Uniting art, design, sculpture and craft, James Tower holds a unique position in the history of British ceramics. As an artist who consistently challenged the perceived limits of his medium, throughout his career Tower explored the sculptural and painterly potential of ceramic forms. His vessels, plates and sculptures are exhibited here alongside recent works by six contemporary artists in order to demonstrate that the questions he grappled with have yet to be resolved.
This exhibition explores the continuing problem of how artists who work in ceramics are classified: ceramist; sculptor; painter; artist. The relevance of these definitions is actively tested by the artists included in this exhibition, all of whom explore their ideas in multiple mediums. At Brighton Polytechnic Tower was Head of Sculpture, and yet his ceramic works were not regarded as such. Indeed, his sculptures and drawings were overlooked during his lifetime. Displaying objects and drawings together, Nicholas Lees explores what he regards as the porous membrane between ceramics and sculpture in order to demonstrate their reciprocity.
Placed side by side works by Tower, Gordon Baldwin and Ken Eastman encourage a dialogue between sculptural shape, painterly surfaces and, indeed between sculpture and vessel. Like Tower, Baldwin has utilized both sculptural form and abstract marks in his work, while Eastman’s engagement with colour, and Martin Smith’s exploration of light and surface demonstrate that to work in ceramics, is also to be a painter. The scratched designs, the striated lines and dashes over the concave or convex surfaces of Tower’s vessels and plates are indicative of his desire to create a synthesis between the form and surface.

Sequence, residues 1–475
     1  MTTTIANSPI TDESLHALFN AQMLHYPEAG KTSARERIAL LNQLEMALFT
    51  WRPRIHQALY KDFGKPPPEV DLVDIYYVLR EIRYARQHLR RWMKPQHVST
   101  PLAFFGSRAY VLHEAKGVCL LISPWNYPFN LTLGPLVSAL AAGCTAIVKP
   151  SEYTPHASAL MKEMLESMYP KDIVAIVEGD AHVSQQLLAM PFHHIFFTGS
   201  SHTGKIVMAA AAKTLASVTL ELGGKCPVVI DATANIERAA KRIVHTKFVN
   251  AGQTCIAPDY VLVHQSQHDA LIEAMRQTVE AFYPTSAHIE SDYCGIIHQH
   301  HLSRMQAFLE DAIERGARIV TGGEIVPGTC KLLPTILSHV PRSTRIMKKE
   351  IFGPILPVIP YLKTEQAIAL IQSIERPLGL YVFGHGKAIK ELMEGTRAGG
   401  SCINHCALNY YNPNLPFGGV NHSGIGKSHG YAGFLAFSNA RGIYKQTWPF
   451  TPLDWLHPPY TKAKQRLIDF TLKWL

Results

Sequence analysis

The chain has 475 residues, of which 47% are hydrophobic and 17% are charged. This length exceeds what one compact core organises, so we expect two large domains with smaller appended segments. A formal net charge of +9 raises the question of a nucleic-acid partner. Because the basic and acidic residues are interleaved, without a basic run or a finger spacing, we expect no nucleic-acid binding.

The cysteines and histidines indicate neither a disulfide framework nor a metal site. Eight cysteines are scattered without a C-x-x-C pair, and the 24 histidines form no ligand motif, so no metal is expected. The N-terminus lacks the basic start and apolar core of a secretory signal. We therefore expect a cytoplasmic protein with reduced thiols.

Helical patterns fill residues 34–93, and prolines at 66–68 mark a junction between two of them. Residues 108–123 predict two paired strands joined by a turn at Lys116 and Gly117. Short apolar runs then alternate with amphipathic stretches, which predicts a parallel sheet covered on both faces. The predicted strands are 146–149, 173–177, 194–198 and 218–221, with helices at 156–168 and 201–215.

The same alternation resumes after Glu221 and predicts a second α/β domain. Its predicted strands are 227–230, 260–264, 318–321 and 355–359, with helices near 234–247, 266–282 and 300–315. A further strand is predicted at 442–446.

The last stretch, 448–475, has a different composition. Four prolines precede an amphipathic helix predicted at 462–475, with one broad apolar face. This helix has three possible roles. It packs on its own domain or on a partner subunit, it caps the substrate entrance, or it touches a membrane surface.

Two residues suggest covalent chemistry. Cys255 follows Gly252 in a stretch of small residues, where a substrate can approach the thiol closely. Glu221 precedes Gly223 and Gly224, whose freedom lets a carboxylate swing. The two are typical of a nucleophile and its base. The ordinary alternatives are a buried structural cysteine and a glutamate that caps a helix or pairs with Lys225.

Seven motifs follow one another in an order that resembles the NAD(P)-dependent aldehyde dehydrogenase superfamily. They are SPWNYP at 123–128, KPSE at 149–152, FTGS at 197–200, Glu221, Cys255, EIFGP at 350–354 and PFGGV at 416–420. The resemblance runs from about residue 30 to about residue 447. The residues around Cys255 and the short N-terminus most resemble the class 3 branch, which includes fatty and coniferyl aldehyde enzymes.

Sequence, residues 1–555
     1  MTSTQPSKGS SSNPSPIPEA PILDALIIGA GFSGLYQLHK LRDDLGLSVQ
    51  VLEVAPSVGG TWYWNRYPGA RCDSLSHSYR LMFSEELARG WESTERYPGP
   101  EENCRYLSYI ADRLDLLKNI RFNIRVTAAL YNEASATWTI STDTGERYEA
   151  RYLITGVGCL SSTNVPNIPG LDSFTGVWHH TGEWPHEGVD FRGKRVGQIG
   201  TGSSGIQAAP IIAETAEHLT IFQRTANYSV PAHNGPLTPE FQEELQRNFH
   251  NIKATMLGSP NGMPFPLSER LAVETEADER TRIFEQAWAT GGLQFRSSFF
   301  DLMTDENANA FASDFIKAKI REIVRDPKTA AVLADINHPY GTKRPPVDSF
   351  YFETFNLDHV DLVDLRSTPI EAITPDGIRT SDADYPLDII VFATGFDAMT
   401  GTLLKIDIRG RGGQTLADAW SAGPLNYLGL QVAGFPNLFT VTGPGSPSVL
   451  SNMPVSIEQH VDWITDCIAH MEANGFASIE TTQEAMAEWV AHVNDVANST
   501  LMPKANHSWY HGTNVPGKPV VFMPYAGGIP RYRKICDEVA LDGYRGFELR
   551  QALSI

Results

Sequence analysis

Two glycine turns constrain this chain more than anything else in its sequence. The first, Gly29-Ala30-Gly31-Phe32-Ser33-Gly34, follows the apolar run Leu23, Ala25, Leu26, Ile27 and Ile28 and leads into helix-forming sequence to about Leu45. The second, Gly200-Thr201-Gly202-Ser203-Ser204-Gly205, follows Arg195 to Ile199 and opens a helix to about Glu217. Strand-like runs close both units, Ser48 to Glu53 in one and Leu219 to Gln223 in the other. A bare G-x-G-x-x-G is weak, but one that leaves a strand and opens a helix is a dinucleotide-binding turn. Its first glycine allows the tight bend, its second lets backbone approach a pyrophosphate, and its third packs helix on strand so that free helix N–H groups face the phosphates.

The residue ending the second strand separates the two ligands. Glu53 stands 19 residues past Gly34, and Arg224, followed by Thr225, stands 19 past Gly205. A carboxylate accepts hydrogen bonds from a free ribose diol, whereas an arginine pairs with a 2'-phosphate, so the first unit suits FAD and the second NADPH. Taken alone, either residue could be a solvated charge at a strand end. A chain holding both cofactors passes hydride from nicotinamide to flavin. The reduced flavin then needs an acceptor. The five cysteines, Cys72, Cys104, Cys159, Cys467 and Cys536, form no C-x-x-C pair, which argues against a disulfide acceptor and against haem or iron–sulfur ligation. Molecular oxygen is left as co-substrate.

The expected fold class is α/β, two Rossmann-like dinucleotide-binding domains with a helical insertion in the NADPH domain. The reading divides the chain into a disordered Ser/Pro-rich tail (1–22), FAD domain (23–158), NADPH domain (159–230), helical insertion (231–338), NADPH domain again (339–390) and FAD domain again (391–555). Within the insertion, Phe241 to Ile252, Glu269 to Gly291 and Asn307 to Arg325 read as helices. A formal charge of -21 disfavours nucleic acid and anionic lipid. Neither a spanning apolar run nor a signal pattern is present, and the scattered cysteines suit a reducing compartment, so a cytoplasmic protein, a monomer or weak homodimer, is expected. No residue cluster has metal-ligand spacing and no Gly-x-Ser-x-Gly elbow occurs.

Like his contemporaries, William Scott and Peter Lanyon, Tower sought to refine an abstracted style based on natural forms. The sea and its inhabitants provided motifs and compositional models that Tower adopted and adapted according to his artistic ideals; in Snow Forest, 1982, Tower’s use of textured surface is reminiscent of a shell, mollusc or crustacean. The universality of these natural forms find commonalities in Edith Garcia’s recent body of work Absence and Presence. In a series of pressed clay forms she considers our ability to find the human form in the most minimal of shapes, objects and natural phenomena. Caroline Achaintre has also looked to Lanyon in recent work; but her interest in modern art and its legacies defy categorical boundaries and as such might be understood as uncanny hybrids of utopian ideas and human emotions.
This exhibition coincides with the publication of The Ceramic Art of James Tower, by Timothy Wilcox, with a foreword by Antony Gormley. In association with the publisher Lund Humphries, Gimpel Fils is pleased to host a reception celebrating this outstanding monograph on Thursday 10 May, 6-8pm.
James Tower (1919-1988) had his first solo exhibition at Gimpel Fils in 1951, having previously studied at the Royal Academy Schools and the Slade. During the 1960s and 70s, he was Head of Pottery at the Bath Academy of Art in Corsham, and Head of Sculpture at Brighton Polytechnic. Work by James Tower can be found in numerous public and private collections, including the Victoria and Albert Museum, London; The Sainsbury Centre for Visual Arts, Norwich; the Harris Museum, Preston; the South East Arts Crafts Collection, Hove and Art Institute of Chicago.